> For example here you have print comparable to
      > actual Fortus professional machine prints

      Er. With a 0.15mm nozzle. How’s that nozzle working out for you, speed-wise? (for others, in case he doesn’t answer: it’s slow and more finiky, which is why pretty mcuh nobody uses them)

      If somebody dropped a $10, 0.15mm nozzle on an Ultimaker, is there ANY reason that they couldn’t do the exact same thing? Any reason at all??

      > Also true quality is not only in layer height.
      > If line width is more then 2 times bigger then
      > its height, you loose sharp edges.

      You’re saying that the pictures aren’t of high quality prints?

      And you’re again bringing up a software issue that’s common to all machines in this area – bridges and sharp edges are easiER with lower w/t values. So what? Not everybody uses the printer to just make more printers, ya know.. :P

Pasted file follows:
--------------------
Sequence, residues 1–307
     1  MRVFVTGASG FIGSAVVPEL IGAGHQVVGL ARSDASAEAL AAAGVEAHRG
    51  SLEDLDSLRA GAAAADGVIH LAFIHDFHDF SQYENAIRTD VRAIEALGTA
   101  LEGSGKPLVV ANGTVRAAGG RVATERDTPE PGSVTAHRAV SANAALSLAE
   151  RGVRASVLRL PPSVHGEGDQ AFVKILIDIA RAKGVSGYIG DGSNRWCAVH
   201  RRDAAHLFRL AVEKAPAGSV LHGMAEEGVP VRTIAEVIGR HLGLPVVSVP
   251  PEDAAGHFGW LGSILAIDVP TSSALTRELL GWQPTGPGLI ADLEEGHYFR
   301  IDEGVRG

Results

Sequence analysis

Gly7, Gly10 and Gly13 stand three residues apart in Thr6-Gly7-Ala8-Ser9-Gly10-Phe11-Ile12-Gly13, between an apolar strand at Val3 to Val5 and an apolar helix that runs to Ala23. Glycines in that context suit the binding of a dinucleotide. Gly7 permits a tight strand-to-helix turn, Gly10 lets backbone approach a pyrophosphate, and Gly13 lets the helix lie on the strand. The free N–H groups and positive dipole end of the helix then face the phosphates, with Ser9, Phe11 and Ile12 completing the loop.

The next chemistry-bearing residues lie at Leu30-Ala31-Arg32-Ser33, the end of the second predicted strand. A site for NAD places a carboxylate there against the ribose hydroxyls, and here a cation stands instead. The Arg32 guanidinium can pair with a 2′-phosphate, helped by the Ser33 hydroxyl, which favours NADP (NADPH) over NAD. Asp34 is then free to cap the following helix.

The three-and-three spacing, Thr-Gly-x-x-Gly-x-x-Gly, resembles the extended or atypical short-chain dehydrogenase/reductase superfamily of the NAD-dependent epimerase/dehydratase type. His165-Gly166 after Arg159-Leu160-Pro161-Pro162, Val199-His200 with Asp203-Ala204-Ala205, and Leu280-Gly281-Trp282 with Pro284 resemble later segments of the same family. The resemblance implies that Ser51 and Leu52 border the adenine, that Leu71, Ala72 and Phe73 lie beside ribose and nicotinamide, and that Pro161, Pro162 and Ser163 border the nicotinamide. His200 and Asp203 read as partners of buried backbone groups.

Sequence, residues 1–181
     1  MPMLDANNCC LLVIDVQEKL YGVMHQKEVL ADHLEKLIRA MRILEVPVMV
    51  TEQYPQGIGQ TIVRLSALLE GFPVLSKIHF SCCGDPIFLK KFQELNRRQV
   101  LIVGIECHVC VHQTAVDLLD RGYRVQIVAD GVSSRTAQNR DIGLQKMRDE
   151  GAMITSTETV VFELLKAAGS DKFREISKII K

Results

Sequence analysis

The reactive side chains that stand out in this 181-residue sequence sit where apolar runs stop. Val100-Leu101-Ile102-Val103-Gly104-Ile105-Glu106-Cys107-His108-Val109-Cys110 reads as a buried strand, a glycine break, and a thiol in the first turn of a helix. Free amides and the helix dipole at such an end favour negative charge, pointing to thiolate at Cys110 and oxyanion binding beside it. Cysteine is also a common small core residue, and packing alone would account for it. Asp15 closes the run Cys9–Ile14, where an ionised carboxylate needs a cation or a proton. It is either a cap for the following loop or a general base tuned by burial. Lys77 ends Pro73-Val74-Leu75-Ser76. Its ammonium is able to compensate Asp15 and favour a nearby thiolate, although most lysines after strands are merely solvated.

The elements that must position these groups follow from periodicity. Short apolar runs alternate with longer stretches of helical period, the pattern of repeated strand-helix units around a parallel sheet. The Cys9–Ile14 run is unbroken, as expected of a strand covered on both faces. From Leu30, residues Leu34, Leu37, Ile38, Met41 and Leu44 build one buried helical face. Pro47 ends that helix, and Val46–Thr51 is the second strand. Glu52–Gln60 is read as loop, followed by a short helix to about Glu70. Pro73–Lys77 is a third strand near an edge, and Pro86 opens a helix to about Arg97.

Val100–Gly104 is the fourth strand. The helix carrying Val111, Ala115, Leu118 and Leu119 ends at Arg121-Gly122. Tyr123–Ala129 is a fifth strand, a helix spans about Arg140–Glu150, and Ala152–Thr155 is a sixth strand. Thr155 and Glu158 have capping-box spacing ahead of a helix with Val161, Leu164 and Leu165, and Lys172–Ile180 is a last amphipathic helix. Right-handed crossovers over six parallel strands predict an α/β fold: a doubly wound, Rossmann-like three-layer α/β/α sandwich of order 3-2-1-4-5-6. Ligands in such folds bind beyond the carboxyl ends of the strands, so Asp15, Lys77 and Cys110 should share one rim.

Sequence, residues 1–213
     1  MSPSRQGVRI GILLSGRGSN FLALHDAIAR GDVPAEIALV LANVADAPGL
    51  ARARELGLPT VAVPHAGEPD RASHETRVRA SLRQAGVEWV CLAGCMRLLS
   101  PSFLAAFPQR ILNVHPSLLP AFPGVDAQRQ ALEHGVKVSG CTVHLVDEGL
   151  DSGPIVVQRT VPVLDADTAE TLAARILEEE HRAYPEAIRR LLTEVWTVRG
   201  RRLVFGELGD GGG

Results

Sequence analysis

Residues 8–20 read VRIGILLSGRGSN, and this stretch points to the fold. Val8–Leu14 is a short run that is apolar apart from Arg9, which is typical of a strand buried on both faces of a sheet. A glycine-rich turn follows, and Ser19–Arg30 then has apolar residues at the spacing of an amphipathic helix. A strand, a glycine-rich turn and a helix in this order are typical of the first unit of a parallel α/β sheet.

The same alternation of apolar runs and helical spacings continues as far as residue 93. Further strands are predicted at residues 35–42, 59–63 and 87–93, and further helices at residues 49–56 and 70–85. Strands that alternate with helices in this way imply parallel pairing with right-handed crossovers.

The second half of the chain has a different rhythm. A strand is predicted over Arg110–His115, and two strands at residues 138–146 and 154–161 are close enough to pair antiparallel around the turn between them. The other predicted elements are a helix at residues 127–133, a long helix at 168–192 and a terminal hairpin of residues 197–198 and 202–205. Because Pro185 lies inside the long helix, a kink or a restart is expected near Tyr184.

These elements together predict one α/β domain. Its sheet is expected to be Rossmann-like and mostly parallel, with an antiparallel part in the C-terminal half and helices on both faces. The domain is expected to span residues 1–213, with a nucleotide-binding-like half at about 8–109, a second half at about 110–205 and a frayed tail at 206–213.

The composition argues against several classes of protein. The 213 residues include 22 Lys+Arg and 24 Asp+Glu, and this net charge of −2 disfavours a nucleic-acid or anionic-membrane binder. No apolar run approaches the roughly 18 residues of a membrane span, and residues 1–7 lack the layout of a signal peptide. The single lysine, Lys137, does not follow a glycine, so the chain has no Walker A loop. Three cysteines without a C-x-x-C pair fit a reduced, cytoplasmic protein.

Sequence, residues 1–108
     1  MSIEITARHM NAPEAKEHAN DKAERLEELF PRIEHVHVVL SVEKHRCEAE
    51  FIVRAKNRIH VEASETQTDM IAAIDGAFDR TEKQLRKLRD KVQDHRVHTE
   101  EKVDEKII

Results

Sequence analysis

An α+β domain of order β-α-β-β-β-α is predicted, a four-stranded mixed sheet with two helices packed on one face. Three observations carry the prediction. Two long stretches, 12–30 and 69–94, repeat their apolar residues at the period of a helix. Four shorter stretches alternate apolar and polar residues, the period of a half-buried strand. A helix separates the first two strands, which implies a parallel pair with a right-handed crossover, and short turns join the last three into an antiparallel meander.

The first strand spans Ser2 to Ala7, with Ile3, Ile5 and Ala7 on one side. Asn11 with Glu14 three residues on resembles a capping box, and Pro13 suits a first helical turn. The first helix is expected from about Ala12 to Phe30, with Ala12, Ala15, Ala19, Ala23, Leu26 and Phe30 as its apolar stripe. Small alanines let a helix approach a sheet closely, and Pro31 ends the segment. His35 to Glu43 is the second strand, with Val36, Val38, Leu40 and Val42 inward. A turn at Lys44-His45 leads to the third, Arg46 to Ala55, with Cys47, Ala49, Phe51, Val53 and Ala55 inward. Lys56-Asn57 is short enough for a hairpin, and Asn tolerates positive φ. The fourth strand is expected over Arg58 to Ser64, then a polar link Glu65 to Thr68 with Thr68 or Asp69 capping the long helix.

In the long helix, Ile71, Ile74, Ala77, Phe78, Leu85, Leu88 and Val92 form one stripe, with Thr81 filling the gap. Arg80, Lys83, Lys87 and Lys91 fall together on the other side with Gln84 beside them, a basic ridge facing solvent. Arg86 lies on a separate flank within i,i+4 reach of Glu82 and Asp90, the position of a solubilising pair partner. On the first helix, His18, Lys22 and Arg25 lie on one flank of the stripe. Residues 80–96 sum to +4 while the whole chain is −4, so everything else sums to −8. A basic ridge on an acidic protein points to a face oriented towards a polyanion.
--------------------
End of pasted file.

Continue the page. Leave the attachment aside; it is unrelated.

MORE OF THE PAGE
Also, people worried about the sharp edges at high resolution should take another look at http://www.flickr.com/photos/66753090@N08/6225667667/ . Horrible, right?

      > So don’t get fooled guys by few pretty vases
      > and prints, if these settings cant even print
      > proper RepRap/other-complex parts ;-)

      Maybe I’m being defensive but you’re sorta implying that my blog was out to fool people or that Ultimaker machines aren’t as good as they appear. That’s complete BS and I’m pretty sure you know it.

      > Guys I don’t want to troll

      Really? You sure did a good job of it anyway.

      • Florian says:

        Dave, now I think you gave Josef exactly what he was hoping for :D